Localized fungal infections sometimes occur when the mix of other microorganisms (eg, bacteria) that normally live in certain parts of the body (also called the microbiome) is out of balance. For example, certain types of fungi (such as Candida) are normally present on body surfaces or in the intestine. The bacteria normally present in the digestive tract and vagina limit the growth of these fungi in those areas. When people take antibiotics, the helpful bacteria can be killed, allowing the fungi to grow unchecked. The resulting overgrowth of fungi can cause symptoms, which are usually mild. As the bacteria grow back, the balance is restored, and the problem usually resolves.

Systemic fungal infections affect organs such as the lungs, eyes, liver, and brain and also can affect the skin. They typically occur in people who have a weakened immune system.

Fungal infections are either

Opportunistic fungal infections

Opportunistic fungal infections take advantage of a weakened immune system. Thus, they usually occur in people whose immune system is weakened by disorders such as AIDS or by medications that suppress the immune system. Opportunistic fungal infections occur worldwide.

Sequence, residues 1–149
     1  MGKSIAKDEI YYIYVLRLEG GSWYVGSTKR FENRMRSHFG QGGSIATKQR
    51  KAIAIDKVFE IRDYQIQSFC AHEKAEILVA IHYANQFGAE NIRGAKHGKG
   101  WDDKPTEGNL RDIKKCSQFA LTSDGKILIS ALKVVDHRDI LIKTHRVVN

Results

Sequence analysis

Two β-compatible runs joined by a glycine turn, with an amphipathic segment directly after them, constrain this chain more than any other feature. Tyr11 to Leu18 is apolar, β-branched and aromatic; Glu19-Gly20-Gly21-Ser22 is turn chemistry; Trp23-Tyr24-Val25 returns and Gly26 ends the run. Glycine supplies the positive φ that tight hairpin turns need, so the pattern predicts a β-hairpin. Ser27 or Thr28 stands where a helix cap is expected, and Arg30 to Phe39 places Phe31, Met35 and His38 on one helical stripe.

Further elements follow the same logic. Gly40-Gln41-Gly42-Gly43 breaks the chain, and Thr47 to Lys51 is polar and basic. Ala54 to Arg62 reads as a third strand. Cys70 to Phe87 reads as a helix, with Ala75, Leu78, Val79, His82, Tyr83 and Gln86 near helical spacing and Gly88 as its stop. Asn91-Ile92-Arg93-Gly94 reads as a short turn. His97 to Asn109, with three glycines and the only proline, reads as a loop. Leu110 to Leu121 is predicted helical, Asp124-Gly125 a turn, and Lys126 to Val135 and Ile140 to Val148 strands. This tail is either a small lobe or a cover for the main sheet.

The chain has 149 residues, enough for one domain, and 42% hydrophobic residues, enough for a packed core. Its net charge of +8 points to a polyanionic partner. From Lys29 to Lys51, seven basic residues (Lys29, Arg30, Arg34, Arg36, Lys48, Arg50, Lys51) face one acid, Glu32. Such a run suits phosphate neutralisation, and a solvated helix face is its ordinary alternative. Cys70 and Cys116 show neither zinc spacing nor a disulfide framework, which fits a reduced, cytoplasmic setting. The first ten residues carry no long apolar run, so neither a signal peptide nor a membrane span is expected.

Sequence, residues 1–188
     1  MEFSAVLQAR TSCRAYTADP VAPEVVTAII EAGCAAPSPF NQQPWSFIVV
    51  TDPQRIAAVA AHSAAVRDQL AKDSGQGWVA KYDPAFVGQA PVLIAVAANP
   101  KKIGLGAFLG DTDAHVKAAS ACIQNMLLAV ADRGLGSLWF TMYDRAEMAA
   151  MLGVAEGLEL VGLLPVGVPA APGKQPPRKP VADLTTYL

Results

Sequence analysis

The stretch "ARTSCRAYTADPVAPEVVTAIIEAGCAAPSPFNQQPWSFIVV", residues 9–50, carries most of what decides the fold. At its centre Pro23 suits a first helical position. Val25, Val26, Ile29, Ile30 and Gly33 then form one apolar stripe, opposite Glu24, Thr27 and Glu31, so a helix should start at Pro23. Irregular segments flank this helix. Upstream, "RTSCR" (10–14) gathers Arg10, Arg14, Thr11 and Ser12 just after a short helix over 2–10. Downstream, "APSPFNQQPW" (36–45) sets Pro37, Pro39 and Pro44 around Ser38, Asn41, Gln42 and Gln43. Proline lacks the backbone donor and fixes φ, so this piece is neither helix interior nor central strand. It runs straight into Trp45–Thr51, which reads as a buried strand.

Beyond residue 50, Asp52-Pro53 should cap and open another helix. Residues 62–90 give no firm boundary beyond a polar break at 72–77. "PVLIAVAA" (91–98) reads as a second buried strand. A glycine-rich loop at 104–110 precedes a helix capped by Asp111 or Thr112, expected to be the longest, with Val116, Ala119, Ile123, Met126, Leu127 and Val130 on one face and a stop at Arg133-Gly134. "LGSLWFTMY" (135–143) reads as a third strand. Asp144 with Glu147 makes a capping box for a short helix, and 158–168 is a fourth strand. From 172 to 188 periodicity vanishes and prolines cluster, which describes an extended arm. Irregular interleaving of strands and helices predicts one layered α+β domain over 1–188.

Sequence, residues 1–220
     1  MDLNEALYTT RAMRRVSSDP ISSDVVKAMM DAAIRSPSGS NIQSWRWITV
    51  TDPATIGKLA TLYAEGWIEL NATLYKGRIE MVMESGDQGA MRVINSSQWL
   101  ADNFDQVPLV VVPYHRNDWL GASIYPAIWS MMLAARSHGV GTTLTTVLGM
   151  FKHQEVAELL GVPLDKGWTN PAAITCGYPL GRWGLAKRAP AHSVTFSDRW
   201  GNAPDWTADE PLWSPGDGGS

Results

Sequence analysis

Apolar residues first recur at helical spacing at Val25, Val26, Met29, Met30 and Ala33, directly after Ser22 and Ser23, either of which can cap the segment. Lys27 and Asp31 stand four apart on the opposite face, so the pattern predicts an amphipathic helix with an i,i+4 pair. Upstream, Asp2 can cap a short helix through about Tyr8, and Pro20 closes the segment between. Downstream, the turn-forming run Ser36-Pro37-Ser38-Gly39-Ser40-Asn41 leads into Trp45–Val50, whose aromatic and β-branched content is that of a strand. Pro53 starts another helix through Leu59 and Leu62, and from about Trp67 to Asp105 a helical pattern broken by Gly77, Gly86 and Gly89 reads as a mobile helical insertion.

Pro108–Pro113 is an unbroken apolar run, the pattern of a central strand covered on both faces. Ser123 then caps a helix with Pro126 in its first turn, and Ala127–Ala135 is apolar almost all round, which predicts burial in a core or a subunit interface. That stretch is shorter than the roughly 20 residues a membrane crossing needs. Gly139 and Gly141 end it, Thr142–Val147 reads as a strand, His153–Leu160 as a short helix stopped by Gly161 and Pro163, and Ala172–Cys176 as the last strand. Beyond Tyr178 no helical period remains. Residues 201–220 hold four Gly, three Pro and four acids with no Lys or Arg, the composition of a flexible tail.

Examples of opportunistic fungal infections include

Opportunistic fungal infections can be very aggressive, spreading quickly to other organs and are often fatal.

Risk Factors for Developing Opportunistic Fungal Infections

Use of medications that suppress the immune system

  • Cancer chemotherapy

  • Corticosteroids

  • Medications to prevent rejection of an organ transplant, such as azathioprine, methotrexate, and cyclosporine

  • Tumor necrosis factor inhibitors (used to treat rheumatoid arthritis and related disorders)


Primary fungal infections

Primary fungal infections can occur in people with a normal immune system, sometimes with serious consequences. These infections usually occur after people inhale fungal spores, which can cause pneumonia to develop in the lungs as the first sign of infection.

Certain primary fungal infections are more common in certain geographic areas, as in the following examples:

The time from transmission to development of an infection varies, so travelers may develop symptoms after returning from these areas.

Because many primary fungal infections develop slowly, months or years may pass before people seek medical attention. Typically, if the immune system is normal, fungal infections do not spread to organs deep in the body.

Diagnosis of Fungal Infections

  • Culture and examination of a sample